health data collection, documentation, and keeping for the same, has neither been systematic nor integrated. Due to this, the real extent of health inequality in the country remains restricted to the avenue of educated guesses. For instance, the recording of deaths in India remains understated by a large proportion. With over 75% of total deaths occurring at home, the system remains at a backfoot because the health delivery system in India is expected to record deaths in institutions. In 2005, with the introduction of the National Rural Health Mission (NRHM), demands for micro-level data on population and health increased in health facilities. This led to the introduction of the HMIS in 2008, which ambitiously wished to centralise data computing, and capture all vital events electronically. This was to ensure a quick collation and tabulation of data on maternal and child health indicators across India in a manner that was accessible and easy. However, HMIS remains handicapped in reporting accurate data on mortality, as not only do government health facilities grossly under-report deaths, but private health facilities do not report deaths at all. Due to this, though the conceptual ideal of HMIS remains laudable, the country’s systemic inability to ensure meticulous data recording inhibits the HMIS to be a successful exercise. 

Moreover, and perhaps most importantly, India lacks reliable statistics on the causes of death. This is because few registered deaths are medically certified, and the unregistered ones are not certified at all. Further, mechanisms such as the SCD(Rural) continue to suffer from unscientific approach and poor management. For instance, only four primary health centres (PHC) were deemed sufficient to collect information on the causes of death for a million people. These PHCs were chosen based on the availability of medical and paramedical staff who would be able to collect information from the area they served. This meant that information collected through the mechanism cannot be generalised to the entire population, but also over-rely on the fieldworker to ascertain the cause of death from the information conveyed to them by the respondent, and then relaying the information accurately to the medical officer. This left vast room for error. In addition to the poor management of the system is the fact that it does not report the socio-economic characteristics of the deceased, which means data for a differential cause of death does not exist.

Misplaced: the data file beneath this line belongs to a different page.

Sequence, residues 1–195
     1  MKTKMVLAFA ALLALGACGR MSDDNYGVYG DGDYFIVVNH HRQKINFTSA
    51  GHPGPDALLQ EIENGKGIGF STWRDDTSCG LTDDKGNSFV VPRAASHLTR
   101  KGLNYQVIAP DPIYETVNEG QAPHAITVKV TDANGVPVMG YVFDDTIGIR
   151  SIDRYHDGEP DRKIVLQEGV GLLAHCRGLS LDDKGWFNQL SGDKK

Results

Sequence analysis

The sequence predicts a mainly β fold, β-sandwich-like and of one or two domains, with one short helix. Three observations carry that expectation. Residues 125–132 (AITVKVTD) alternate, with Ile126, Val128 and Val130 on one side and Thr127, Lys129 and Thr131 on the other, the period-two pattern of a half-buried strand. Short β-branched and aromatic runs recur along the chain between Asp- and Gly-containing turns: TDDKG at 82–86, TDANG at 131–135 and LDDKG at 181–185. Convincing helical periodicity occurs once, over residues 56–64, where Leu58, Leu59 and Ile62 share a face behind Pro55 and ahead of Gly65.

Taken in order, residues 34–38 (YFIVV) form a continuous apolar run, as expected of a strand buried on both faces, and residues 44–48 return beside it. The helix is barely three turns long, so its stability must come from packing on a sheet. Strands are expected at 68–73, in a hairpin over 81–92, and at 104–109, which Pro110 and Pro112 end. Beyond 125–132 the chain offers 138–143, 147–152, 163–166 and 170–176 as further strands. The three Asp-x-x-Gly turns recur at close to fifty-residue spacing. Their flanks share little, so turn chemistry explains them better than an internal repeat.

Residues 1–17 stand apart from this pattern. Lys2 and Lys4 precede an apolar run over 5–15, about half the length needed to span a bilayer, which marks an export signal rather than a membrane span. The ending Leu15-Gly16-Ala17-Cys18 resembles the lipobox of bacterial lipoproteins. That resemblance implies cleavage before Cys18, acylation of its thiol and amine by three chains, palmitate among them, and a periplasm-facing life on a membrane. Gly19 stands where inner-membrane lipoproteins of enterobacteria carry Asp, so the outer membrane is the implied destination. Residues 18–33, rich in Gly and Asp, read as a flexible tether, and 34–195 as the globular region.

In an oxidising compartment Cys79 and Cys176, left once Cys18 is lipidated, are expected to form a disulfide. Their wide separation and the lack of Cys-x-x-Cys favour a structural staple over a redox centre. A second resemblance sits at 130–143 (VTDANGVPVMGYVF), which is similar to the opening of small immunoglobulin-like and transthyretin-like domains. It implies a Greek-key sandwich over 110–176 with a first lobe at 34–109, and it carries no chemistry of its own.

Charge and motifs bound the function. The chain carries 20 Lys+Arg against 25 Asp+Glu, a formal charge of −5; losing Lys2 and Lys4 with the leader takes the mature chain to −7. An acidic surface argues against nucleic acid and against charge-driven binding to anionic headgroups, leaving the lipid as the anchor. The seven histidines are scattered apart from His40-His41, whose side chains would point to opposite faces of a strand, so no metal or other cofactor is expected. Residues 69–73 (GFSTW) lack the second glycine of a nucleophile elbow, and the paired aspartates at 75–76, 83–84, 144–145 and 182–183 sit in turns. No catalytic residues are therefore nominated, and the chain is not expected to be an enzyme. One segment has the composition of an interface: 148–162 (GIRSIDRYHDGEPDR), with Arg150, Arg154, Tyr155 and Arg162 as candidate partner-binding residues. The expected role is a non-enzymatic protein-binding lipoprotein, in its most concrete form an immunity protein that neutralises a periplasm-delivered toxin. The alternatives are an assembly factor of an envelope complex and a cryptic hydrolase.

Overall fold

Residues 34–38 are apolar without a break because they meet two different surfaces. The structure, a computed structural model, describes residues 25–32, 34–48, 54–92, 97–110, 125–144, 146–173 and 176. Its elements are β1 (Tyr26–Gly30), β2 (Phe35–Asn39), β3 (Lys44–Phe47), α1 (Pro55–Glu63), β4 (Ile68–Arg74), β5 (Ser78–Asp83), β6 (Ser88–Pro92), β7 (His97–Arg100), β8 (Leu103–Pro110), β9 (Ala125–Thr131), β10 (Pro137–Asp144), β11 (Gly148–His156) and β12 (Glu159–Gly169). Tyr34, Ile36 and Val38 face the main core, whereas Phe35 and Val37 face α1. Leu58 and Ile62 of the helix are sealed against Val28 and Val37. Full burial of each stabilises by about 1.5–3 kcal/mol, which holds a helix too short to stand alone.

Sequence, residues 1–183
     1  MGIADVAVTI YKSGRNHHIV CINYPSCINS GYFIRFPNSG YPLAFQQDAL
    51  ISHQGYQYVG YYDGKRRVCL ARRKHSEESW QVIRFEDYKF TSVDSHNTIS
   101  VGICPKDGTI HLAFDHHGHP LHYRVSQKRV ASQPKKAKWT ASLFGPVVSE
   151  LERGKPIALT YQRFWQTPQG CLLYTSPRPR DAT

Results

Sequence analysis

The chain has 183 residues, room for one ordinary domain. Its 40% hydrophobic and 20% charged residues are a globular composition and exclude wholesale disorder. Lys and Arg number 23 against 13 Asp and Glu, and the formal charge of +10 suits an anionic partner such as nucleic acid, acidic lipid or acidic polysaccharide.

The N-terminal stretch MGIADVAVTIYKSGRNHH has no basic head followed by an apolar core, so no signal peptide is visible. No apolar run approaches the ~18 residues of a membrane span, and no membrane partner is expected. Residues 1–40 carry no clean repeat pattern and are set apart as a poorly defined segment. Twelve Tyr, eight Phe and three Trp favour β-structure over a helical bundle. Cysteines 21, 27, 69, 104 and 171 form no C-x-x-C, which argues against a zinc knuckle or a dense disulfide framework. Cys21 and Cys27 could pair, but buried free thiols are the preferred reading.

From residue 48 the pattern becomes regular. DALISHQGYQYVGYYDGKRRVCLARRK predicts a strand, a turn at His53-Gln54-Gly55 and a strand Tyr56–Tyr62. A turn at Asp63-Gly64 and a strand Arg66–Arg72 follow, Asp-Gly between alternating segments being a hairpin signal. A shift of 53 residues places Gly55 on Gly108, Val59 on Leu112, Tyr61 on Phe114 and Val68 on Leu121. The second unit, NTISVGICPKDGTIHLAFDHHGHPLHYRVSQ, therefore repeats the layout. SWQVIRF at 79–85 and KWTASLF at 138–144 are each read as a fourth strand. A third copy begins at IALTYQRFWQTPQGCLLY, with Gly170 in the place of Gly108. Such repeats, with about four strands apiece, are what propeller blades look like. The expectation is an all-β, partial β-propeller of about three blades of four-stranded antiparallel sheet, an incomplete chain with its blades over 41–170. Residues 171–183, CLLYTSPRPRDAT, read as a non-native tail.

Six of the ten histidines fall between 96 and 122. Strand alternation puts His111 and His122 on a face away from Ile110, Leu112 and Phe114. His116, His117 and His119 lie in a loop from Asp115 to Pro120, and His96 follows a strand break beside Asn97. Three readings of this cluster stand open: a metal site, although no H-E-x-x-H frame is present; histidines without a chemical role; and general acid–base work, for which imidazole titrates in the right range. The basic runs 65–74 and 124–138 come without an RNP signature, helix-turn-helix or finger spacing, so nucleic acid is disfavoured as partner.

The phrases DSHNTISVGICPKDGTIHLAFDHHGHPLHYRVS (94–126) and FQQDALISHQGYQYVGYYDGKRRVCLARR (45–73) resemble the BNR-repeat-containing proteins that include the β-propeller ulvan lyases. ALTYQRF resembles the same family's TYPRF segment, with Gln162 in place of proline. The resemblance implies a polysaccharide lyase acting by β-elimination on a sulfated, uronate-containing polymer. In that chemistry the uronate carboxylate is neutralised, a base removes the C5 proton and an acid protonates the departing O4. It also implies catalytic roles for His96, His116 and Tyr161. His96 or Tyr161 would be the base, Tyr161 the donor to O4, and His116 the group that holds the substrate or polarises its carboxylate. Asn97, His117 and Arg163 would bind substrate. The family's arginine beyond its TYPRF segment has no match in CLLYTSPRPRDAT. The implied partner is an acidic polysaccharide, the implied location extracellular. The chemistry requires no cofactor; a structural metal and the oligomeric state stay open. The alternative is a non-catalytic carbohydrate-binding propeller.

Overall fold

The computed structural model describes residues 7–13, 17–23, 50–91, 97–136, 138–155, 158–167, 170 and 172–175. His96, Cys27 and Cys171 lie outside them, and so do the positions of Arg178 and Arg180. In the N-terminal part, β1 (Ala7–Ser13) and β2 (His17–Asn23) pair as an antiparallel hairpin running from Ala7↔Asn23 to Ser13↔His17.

The cause of death becomes pertinent in dealing with data about emerging non-communicable diseases or the risk factors for emerging diseases. For instance, though the NFHS provides information of the prevalence of a few selected diseases, it does not provide any information on new emerging non-communicable diseases.